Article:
Well,  the sequestration is actually having an effect!  Several thousands of illegal aliens have been summarily released from jails around the country to save detention costs.  I suppose it would have been too easy a solution to simply send them home.
   All the while, President Obama and Secretary of Homeland Security Janet Napolitano claim the deed was done by lower authority and like Sargent Schultz of the old sitcom Stalag 17, say "I know nothing! Nothing!" The president should be impeached, and the Secretary fired.  Or perhaps like the illegals, sent back to where they each came from as the easier solution.  I know the Secretary came from Arizona.  I'm not so sure where to send  Mr. Obama.
   In the meantime they could release some illegal aliens up here in Bayfield to give the obviously bored ICE Agents hereabouts something to do rounding them up again.  Sort of a "catch and release" program.  Just like fishing.  Release them to have the fun of catching them all over again. A good federal work project.  Released often enough and long enough the illegal aliens may get to be bigger and bigger trophies, just like our steelhead salmon. "Sorry, not big enough,  throw 'em back so they can grow!"
  For additional commentary and photos, just search above for past "border patrol" and "illegal aliens" blogs.

Friday, March 1, 2013


Friday,  8:45 AM.  19 degrees F, wind NW, light with stronger, biting gusts.  A few lake effect snow flakes are drifting down.  It is overcast and looks and feels like snow.  The city plow just passed by, winging back the snow to make room for more.
   With all the hype and doom and gloom about the "sequester" happening today, perhaps you have over-looked what to me is a far more ominous development.  The "black box"of airplanes is likely coming to your automobile soon, courtesy of the National Transportation Safety Authority.  No congressional legislation necessary, not even an executive order we can protest.  Simply an administrative ruling. So what, you say?    This is Big Brother gone mad, a continual auditing of every move of your vehicle. Were you five miles over the speed limit?  Ticket's in the mail.  Where were you last  night?  Might as well 'fess up, we already know.  No, no, this black box will only be used to investigate accidents and such.  Are you kidding me?  Look for it to be subpoenaed in every tawdry divorce case, every suspected felony, and every reason an invasive, out of control government can think of.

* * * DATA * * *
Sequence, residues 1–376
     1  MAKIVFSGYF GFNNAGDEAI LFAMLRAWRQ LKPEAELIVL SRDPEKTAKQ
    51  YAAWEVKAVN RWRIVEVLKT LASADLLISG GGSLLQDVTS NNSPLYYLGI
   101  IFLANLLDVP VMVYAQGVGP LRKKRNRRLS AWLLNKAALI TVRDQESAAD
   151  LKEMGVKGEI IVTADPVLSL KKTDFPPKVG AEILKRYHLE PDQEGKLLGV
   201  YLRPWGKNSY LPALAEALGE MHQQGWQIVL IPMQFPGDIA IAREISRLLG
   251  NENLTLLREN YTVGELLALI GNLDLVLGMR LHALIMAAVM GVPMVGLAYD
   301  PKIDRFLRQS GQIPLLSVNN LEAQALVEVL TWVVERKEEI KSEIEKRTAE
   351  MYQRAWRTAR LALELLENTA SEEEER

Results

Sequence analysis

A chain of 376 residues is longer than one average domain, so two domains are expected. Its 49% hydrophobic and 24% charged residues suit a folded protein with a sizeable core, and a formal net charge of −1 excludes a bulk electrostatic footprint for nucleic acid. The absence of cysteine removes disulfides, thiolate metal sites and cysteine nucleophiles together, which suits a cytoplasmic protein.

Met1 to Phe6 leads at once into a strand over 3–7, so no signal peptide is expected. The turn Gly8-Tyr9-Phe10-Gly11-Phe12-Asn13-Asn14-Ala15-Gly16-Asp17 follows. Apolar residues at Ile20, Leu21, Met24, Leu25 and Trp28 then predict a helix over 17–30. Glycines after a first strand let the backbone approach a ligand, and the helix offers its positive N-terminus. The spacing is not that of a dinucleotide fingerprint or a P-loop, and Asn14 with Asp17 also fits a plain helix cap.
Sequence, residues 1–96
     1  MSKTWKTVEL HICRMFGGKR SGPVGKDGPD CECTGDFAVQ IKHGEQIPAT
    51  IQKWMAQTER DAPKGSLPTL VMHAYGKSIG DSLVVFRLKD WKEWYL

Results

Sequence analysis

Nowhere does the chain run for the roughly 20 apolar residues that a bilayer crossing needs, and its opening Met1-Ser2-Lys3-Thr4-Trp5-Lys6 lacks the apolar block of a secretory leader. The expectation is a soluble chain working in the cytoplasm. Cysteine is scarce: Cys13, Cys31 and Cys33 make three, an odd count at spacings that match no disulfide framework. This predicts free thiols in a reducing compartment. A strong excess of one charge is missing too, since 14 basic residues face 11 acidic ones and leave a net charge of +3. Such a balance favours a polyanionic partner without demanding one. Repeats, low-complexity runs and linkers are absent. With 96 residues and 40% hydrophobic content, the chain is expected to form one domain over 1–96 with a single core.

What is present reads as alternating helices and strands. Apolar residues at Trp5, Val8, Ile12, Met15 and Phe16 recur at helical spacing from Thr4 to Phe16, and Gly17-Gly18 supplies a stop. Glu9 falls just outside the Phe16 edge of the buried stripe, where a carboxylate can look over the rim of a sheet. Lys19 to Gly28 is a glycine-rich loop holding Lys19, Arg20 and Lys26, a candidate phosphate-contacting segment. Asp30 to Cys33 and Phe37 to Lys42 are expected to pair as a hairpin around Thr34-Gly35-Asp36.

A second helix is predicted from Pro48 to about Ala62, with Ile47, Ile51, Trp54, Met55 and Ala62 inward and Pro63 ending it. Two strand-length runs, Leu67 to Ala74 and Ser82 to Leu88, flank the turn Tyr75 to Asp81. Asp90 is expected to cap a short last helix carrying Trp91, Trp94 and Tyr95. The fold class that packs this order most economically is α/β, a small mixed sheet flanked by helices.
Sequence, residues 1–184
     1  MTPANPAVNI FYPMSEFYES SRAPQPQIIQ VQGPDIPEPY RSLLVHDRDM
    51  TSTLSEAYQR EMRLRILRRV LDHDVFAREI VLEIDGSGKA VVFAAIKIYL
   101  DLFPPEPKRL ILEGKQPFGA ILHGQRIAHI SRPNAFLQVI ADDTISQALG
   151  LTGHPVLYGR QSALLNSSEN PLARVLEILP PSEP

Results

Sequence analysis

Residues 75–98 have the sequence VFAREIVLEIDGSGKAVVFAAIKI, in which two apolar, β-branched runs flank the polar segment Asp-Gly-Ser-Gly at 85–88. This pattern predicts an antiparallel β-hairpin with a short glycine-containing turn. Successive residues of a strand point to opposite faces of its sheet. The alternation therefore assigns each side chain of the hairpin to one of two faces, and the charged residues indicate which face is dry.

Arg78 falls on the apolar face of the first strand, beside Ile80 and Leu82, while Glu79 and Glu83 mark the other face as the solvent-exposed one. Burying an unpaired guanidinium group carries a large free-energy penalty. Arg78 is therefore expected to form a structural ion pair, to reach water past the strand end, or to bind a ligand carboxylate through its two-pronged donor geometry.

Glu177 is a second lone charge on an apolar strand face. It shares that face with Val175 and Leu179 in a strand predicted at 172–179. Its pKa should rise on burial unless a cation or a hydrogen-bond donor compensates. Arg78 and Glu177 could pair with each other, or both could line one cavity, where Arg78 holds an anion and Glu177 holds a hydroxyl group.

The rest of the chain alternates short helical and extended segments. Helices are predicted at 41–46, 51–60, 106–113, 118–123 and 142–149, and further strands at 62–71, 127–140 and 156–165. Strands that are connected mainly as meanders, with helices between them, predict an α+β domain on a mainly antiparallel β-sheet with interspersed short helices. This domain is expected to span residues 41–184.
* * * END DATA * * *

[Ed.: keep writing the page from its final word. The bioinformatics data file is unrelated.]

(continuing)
Oh, but wouldn't it be great to keep an eye on your teenage driver, to be sure he or she didn't speed, or go somewhere other  than where he or she said they would go. Just the thing to build lasting trust between child and parent, don't you think? And don't think there won't be an ap for your smart phone to allow that to be done.
   Boy, I sure am glad there wasn't one in my 1939 Ford pickup truck.  "O.K., young man, " the leering officer says, "We know your vehicle was parked down on the beach for two hours last Saturday night.  Tell us what you were up to".  Or, in Joan's red 1957 V8 Chevy; "We have you clocked at 110 MPH on US 30 on the morning of Sunday, July 4, 1964. That will be $100 and nine points."
   But, to be serious for a moment.  Is this sort of invasion of privacy really worth whatever safety data that could be gleaned from these black boxes?
   I have friends who are avid ice fishermen, and the latest gimmick is a little TV camera that goes down with the hook, line and sinker to spy on the fish.  I haven't heard any of them say it really helps to catch the fish, it is just interesting to watch them take the bait.  We are increasingly like the fish in the lake, constantly watched, probably as much for amusement as for anything else.  It takes all kinds, and there sure are all kinds out there.  There are  TV cameras everywhere. I used to "flip the bird" at one every so often, but I don't do that anymore as I am likely to end up on U Tube. It is only a small step from the black box recorder in your car to a surveillance TV camera recording your every move in your car.  Don't laugh, technologically it's a snap.  Wouldn't the Gestapo and the KGB have loved to have had little black boxes in every one's Volkswagen and Lada. But of course not the FBI or the Attorney General.
   Oh, but all this technology will only be used to keep us safer from accidents, criminals and terrorists.  If you believe that one, I have a fishing trip I would like to take you on.